A night with an old friend

"Equilibrium," a whitebark pine hangs on the rim of Crater Lake by its roots, while the Milky Way spins overhead.

“Equilibrium,” a whitebark pine hangs on the rim of Crater Lake by its roots, while the Milky Way spins overhead; prints available here.


I took a physical geography class years ago, and the main thing I took away from it was that wind and water are the Earth’s primary erosive forces. And Crater Lake’s not lacking for either of them.

Crater Lake in summertime is very different than Crater Lake during any other season, mostly because the place is buried in snow from early fall through late spring (if not longer). To a certain extent, that snowy winter coat protects some of the native trees and plants. But the water resulting from 10 feet of snow melting can move a lot of soil around. Once the trees are unburied they’re subjected to Crater Lake’s infamous wind. When the wind gusts at over 30 mph, the top layer of that volcanic soil takes flight, and you can feel its sting against your shins (if you happen to be out there in shorts) or even your arms and face. In these harsh conditions, figuring out the reason why many of the rim’s whitebark pines have become denuded of their bark over time doesn’t take a lot of imagination.

Unfortunately, man’s presence further accelerates the process. We move soil (both inadvertently and on purpose), trample plants that would better secure the soil to the ground, and some of us will even climb on some of these ancient trees in order to get a good selfie. The phrase “loved to death” springs to mind, but I would never begrudge anyone the opportunity to experience Crater Lake’s beauty in the same ways that I have (although I’ve never climbed any trees in the park).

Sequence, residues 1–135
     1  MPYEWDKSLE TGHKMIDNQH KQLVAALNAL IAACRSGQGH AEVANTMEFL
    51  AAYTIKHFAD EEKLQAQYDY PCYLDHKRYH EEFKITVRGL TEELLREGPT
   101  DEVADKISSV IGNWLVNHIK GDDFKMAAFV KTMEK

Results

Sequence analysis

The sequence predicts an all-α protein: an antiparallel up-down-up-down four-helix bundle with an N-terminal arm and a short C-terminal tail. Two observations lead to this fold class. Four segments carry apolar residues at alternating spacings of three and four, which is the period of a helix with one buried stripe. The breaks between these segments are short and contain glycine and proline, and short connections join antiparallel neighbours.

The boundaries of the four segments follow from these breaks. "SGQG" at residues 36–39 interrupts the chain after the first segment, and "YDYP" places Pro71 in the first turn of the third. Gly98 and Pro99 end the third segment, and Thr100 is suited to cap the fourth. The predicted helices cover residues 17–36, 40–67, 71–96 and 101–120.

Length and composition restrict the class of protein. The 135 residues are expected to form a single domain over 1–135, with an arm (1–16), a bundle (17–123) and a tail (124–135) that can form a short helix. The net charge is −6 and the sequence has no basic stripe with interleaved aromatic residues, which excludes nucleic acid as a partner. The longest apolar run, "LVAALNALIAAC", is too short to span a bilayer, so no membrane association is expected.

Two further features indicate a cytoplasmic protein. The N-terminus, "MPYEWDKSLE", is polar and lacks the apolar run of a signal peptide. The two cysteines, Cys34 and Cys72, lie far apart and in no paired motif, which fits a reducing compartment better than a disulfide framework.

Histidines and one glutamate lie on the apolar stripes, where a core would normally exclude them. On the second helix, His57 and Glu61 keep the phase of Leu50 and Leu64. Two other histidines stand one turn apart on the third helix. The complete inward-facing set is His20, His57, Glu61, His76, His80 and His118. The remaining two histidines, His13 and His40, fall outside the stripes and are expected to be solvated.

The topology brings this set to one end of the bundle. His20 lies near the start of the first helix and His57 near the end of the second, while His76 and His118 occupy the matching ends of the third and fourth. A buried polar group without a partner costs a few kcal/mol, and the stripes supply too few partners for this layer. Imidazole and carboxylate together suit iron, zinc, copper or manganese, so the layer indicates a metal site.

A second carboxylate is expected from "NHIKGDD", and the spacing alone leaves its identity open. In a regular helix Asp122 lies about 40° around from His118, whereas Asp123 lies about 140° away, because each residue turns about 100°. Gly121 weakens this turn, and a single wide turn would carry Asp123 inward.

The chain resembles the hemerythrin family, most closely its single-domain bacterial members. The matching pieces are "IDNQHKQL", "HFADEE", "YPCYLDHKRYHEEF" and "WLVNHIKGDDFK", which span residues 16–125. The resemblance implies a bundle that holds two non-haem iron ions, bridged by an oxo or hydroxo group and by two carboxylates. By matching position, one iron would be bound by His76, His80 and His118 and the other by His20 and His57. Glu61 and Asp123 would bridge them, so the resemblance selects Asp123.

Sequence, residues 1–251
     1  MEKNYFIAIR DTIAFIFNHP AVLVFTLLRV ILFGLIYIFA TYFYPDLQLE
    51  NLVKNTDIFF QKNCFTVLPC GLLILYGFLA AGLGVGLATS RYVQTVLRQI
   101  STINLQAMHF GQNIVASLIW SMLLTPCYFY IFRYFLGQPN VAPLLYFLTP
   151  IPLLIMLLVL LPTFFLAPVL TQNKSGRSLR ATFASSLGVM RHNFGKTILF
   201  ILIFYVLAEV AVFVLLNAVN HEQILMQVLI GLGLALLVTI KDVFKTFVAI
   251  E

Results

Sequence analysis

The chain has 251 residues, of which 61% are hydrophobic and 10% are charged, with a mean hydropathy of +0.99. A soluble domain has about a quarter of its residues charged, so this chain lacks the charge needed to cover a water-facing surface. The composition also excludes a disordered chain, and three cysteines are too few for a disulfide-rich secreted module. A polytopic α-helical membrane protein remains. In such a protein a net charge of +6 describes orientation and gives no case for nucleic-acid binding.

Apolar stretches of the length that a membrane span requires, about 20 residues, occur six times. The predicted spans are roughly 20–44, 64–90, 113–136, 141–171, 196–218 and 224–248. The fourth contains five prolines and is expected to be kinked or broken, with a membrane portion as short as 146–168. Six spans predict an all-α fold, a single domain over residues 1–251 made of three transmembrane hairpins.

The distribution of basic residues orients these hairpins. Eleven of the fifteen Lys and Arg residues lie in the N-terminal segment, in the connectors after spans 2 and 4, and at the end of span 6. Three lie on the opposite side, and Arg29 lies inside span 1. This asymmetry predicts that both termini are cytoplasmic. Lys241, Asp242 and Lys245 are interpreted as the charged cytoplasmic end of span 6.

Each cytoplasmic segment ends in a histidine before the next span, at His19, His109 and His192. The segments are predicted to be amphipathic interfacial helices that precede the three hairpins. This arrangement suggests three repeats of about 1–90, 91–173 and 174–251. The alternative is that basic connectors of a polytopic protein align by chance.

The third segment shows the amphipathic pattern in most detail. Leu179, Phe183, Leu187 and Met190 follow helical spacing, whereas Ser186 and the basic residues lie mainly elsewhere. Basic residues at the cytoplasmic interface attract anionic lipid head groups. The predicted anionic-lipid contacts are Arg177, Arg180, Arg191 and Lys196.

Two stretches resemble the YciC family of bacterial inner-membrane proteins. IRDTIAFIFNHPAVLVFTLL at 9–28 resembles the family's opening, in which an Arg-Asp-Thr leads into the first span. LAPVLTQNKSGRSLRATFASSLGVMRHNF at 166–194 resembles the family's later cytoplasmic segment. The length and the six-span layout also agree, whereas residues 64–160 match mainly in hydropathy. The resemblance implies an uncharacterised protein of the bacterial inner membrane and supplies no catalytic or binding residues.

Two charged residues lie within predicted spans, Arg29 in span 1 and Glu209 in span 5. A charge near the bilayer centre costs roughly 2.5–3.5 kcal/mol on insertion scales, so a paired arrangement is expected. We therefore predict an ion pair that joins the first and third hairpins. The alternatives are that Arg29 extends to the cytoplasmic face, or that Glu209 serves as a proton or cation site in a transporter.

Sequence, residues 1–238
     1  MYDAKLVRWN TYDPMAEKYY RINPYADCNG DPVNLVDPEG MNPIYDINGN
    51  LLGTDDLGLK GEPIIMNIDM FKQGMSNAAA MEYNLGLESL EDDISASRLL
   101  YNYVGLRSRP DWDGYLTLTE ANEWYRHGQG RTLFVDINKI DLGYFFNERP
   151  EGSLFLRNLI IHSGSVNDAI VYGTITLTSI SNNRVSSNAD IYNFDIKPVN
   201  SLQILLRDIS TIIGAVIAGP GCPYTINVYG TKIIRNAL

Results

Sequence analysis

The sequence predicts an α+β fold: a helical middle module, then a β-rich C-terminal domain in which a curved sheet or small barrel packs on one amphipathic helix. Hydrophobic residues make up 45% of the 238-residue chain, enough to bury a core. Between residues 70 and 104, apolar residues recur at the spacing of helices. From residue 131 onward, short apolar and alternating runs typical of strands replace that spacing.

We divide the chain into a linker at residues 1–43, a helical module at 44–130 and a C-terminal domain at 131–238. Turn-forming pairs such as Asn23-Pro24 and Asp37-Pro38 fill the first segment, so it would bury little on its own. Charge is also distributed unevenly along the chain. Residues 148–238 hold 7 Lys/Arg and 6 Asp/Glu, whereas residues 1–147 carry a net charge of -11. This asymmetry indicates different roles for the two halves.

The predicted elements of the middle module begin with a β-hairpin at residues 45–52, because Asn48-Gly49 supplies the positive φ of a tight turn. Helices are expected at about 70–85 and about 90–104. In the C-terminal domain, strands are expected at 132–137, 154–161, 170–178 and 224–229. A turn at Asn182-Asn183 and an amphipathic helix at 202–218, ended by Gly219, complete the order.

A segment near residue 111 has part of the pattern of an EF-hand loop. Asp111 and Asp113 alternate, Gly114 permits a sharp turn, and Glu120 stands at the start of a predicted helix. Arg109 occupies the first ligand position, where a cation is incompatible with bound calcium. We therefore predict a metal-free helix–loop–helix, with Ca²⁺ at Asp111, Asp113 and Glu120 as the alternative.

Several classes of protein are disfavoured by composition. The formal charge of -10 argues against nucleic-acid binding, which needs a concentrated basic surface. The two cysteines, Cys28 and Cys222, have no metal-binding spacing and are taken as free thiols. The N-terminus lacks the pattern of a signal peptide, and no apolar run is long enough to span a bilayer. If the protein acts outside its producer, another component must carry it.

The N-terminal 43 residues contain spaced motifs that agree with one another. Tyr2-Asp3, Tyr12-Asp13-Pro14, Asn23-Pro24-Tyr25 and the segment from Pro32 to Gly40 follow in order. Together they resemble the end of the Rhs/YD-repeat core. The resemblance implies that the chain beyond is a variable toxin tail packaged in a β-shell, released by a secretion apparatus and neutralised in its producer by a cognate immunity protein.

At some future point, this spot may be closed to the public so that restoration can take place. At some other future point, this tree will likely fall into the crater, a (hopefully) natural act that was to some degree partially hastened by my many trips to photograph the tree. And at some long future point, if diseases like blister rust and insects like the mountain pine beetle win out, whitebark pines on the rim of the lake will cease to exist at all.

These seem like slow-moving or outright invisible processes, but I’m always surprised at the changes I see in these trees year over year: an extra twist in the bark, a more-exposed root, a fracture in an exposed root that was likely caused by a human’s weight. It’s these little changes that motivate me to go check in with these old trees, my old friends, to see how they’re holding up. And in the process I take another photo and make another memory.

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